The Paradox Of Target's Recent Share Price Gain

Mar.11.14 | About: Target Corporation (TGT)

Summary

Target was trading quite low before its recent earnings call, for various reasons. The day after the earnings call, the stock price went up 8%.

That rise was incongruent with the results announced. The company announced two different EPS figures, one that took into account the Canada/security breach losses (GAAP-EPS), and another that didn't (adjusted-EPS).

The greatly inflated Adjusted-EPS figure was the one that has been used as a comparison to the analyst estimates, which seem to have used actual EPS.

This resulted in what seemed to investors to be a 60% increase of estimated/reported EPS, which misdirected the public into thinking that Target did much better than it was estimated.

This confusion was partly the media's fault for misreporting. However, Target had a big role to play in the situation by putting the adjusted-EPS figure in the spotlight.

On February 26, Target (NYSE:TGT) released the financial results for Q4 2013, a period that included November, December 2013, and January 2014. The key features to note from these results, compared to the exact same period last year, is a decrease of 3.8% in sales and a 46% decrease in net profits.

Those bad results are attributed to various reasons, which include the poor sales performance of the company in its recent expansion in Canada and the winter storms which resulted in reduced shopper traffic during December, as well as store closures. Some even attribute a large portion of the bad results to the rise of online retailers. The one that gets the most credit in the case of Target, however, is the infamous security/data breach that plagued the company in December.

Those topics can be a subject of rigorous analysis and discussion (with plenty of disagreements on what influenced sales and to what degree). That is not the theme of this article however. What I want to emphasize is that, no matter the reason, there has been a general agreement amongst investors that Target's performance for the previous quarter would take a hit. They had been expecting it. That was reflected on the stock's price, prior to the earnings-call, as well as the analyst estimates.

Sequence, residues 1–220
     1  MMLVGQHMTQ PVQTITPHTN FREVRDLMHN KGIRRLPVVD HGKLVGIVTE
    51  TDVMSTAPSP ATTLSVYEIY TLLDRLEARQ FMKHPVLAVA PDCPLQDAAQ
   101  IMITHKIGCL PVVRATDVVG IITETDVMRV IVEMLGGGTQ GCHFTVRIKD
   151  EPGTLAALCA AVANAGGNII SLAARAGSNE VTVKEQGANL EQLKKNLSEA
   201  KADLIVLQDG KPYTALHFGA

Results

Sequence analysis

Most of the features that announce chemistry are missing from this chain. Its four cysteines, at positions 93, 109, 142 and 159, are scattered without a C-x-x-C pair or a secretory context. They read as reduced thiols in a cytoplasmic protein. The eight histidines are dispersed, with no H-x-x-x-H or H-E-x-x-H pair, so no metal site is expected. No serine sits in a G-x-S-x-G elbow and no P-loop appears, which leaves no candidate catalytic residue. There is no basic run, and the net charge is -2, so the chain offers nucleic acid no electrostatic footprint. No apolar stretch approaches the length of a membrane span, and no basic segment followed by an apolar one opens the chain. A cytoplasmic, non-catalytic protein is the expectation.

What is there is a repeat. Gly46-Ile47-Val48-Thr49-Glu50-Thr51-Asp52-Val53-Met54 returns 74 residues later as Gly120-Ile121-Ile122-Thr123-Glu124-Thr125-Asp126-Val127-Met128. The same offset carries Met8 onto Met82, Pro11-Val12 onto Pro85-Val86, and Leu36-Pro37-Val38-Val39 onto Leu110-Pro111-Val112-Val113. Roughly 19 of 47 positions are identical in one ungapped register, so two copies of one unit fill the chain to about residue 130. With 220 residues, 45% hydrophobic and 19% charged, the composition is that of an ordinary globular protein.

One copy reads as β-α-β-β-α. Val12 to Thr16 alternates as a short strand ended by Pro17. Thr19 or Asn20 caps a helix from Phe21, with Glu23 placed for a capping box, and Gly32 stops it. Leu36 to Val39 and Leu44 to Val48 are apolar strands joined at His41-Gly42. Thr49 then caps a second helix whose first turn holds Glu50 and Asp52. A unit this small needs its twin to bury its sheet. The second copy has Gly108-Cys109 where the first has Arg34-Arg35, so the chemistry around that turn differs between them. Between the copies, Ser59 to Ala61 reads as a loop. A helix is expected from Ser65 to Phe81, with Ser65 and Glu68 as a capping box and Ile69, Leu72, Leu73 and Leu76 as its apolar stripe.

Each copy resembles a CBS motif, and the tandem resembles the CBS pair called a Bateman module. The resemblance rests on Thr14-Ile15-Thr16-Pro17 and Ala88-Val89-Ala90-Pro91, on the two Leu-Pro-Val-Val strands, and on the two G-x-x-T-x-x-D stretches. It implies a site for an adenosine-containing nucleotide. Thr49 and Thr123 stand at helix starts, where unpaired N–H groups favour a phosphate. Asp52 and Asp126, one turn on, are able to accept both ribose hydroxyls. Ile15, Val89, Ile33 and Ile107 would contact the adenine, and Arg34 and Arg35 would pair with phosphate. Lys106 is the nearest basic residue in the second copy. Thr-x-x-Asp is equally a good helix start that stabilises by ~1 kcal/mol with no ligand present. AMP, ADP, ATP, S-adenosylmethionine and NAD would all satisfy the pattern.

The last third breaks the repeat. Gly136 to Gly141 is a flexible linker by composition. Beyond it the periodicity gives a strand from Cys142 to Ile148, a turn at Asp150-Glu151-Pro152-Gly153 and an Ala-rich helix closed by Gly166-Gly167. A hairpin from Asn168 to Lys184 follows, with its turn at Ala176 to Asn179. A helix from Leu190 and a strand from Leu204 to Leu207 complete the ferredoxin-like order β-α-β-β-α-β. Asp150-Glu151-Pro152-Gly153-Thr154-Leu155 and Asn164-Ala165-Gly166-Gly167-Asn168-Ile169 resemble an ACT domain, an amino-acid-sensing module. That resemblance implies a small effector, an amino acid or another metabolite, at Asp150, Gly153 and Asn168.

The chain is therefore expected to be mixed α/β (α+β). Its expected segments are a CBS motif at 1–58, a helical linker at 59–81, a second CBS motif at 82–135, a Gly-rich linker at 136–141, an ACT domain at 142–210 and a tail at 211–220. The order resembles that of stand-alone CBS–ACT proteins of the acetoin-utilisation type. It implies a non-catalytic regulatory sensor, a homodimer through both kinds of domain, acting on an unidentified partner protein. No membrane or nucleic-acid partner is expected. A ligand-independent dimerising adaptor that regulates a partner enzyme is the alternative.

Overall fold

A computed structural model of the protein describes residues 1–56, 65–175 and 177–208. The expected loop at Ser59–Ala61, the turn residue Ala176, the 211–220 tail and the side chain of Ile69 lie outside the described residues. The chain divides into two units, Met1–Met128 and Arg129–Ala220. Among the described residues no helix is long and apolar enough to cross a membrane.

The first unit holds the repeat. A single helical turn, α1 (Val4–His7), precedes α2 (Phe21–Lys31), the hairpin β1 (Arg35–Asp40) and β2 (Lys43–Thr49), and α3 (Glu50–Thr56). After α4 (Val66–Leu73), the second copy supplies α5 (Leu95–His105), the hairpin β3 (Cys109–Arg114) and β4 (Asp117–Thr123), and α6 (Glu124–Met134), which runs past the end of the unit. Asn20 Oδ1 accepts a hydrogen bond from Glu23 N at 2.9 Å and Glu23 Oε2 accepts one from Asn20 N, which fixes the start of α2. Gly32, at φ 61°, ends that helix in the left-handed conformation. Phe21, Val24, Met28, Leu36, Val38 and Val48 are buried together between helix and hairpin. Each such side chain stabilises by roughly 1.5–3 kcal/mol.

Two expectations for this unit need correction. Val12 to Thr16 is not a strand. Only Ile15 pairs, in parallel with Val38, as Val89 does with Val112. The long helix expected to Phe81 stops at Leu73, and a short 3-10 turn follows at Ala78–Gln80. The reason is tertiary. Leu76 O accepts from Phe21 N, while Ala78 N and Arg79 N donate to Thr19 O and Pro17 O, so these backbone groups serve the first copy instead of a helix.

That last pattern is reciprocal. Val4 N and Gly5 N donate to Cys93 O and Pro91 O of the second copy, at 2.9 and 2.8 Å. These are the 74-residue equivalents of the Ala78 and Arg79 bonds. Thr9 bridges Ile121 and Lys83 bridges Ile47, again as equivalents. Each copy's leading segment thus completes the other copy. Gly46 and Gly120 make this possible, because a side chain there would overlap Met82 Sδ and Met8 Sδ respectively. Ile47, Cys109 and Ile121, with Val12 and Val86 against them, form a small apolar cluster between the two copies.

This brings up the question: Why did people buy Target and hike its price to over $62 right after the financial results? The results announced weren't actually any better than estimates. Wall street consensus for earnings per share was 0.80 and the actual (GAAP) EPS for Target had been 0.81. Did that extra cent per share warrant a nearly 8% rise in Target's stock price the day after the results came out? I don't think so. Logic says that Target should have stayed in the price range it was trading at.

I have attempted to interpret the paradoxical optimism after the announcement. Here are my insights:

The company misdirected traders using Adjusted-EPS.

The analysts' prediction of the actual earnings per share had been (nearly) spot on. However, the company emphasized the Adjusted earnings per share, which ignore Canada results and the data breach costs. Apparently that modification can be done to "non-recurring" expenses. They have assumed that bad Canada sales, since it was the first year of opening, and the data breach will not recur. Fair enough.

As you can see from the link of Target's report, they show the adjusted EPS on the very first line at $1.30. They don't mention anything about Canada or the breach; you have to scroll way down to find the actual adjustments. Some people might have been confused. Since estimates were at the range of 0.80, people who might not have know any better might have been influenced and assumed that the actual EPS has increased by that much. An initial bullish reaction might have caused a domino effect in Wall Street and hiked the price up 8%. This surgical operation on EPS by Target has even tricked the official NASDAQ website and this particular news report on SeekingAlpha. I can only wonder what other sources had reported distorted results because of the emphasis of Target's doctored EPS.

By the way, the same period last year (3 months ending February 2013), the actual earnings per share, as instructed by the generally accepted accounting principles (GAAP), were $1.47. I hope you see what I am seeing. That Target created the Adjusted EPS figure of $1.30, put it on the spotlight and made much of the public believe that the EPS has "only dropped 17 cents". In reality it has dropped 66 cents, a 44.5% drop.

I like to believe that people are usually more thorough in their investing decisions. That's probably not the case in reality, though. I am sure that in the heat of the moment, people get carried away. Not everyone will bother checking whether on an earnings reporting day there has been two different EPS figures reported, with a vast gap between them - especially the adrenaline junkies. You know the ones I am talking about.